Decisions we make now must be robust for the future
Land subsidence damages the foundations of buildings. We can no longer take it for granted that our supplies of good drinking water are adequate. Biodiversity is under pressure. In spatial planning for the Netherlands, not everything is possible any more, everywhere, or all the time. ‘We need to take water and soil into consideration more,’ says director-general Jaap Slootmaker of the Water and Soil Directorate of the Ministry of Infrastructure and Water Management.
Why does the cabinet want to make water and soil leading in spatial planning?
‘We are running up against the limits of what can be achieved by engineering the water and soil system. We have made rivers navigable, reclaimed land, protected the coast from high water and built the Delta Works. The Netherlands can be justifiably proud of what we have achieved and we are very good at it. But there are limits and climate change is stretching the envelope. Over the past five years, we have had serious droughts and floods in Limburg. The frequency and severity of these emergencies is expected to increase. During those years, we have also been considering redesigning our approach to spatial planning. We are facing major challenges: the energy transition, housing, agriculture and nature management. With these transitions, you have to take into account the carrying capacity of our water and soil system, and the changes in that system caused by climate change. This is the time to make water and soil the leading factors in spatial planning for our country.’
Visualisation from the 'On Water basis' report, showing the boundaries of the water and soil system.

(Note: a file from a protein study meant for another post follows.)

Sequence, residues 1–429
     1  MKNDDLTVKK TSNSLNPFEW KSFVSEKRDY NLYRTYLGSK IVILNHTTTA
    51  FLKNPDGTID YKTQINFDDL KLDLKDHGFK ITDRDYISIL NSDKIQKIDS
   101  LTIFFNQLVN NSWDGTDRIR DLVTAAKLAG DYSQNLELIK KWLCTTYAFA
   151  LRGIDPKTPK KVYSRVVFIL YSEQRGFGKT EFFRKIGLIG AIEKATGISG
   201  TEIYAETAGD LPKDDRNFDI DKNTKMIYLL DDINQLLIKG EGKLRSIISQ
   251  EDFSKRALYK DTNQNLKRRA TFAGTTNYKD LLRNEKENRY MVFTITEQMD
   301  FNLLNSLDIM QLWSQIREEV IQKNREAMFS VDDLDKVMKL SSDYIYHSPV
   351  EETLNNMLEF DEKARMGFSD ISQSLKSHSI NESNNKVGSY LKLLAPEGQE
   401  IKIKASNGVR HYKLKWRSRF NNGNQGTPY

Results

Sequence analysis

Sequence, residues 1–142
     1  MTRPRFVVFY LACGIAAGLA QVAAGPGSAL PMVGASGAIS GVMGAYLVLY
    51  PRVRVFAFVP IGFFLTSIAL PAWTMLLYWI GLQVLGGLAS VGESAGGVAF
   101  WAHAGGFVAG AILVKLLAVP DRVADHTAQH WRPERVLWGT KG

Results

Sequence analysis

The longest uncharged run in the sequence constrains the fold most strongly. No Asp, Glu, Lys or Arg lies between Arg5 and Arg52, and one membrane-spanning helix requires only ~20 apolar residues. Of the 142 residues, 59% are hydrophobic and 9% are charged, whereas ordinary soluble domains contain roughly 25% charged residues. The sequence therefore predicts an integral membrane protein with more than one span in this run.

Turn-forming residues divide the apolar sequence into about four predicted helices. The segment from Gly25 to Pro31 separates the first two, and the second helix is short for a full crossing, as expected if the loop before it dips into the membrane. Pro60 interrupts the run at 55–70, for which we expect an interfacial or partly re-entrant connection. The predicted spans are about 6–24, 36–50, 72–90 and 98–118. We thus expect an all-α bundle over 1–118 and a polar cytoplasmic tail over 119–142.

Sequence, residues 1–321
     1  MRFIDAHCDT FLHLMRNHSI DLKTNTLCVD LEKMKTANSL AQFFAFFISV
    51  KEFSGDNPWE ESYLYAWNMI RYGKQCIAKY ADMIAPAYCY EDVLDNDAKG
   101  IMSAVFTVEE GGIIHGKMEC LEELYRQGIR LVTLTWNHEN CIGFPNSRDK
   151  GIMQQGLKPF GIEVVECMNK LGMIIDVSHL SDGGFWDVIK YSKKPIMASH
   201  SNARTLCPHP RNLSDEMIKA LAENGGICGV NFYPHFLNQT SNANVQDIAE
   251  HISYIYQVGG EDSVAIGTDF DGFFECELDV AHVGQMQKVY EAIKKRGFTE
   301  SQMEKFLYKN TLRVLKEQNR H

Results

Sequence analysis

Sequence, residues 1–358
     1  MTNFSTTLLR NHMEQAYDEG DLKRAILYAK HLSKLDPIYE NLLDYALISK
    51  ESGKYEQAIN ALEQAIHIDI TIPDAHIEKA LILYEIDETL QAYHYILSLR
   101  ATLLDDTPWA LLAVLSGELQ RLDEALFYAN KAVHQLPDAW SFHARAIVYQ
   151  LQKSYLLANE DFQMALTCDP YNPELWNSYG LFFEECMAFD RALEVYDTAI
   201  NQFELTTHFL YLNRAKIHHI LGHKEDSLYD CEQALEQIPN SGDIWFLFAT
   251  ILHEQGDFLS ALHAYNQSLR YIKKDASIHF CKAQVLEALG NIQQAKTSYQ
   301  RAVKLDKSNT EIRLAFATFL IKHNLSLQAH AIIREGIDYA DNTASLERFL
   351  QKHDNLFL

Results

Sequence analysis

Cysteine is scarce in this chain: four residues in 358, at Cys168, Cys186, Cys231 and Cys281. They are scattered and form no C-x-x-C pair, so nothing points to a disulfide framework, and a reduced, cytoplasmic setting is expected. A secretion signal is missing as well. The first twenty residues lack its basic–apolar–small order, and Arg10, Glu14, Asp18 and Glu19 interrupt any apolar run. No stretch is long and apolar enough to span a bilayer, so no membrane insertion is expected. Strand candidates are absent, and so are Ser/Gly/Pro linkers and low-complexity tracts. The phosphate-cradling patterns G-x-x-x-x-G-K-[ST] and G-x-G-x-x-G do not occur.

What does a policy in which water and soil are leading factors involve?
‘Spatial planning begins with the water and soil system. In the past, we made plans and then looked at how we needed to modify the land and water to achieve our goal. That has been turned on its head: water and soil now lead the process. We live in a delta and that implies limitations: not everything is possible. Last year, Minister Harbers and State Secretary Heijnen informed Parliament about the role of water and soil in future decisions relating to spatial planning. That is reflected in all sorts of measures. Torrential rainfall can submerge entire areas in no time. So more than in the past, you need ways of storing water to mitigate damage. If you want to cope with sea level rise, you need to strengthen coasts, dikes and defences. If you need space to raise and strengthen your dikes, it doesn’t make sense to build in the floodplains of the rivers needed to drain the water. Climate change and land subsidence have been with us for a long time. In the letter sent to Parliament, we now want to give that policy substance by actually adopting water and soil as the leading factors.’
Jaap Slootmaker has been the director-general of Water and Soil since 1 July 2020 at the Dutch Ministry of Infrastructure and Water Management. Between 2018 and starting his present job, he was deputy director-general at Rijkswaterstaat. Before that, he worked in a range of management positions at Rijkswaterstaat and the Ministry of Economic Affairs, and he was the Chief Financial Officer at Rijkswaterstaat.
Can you already see this new policy in practice?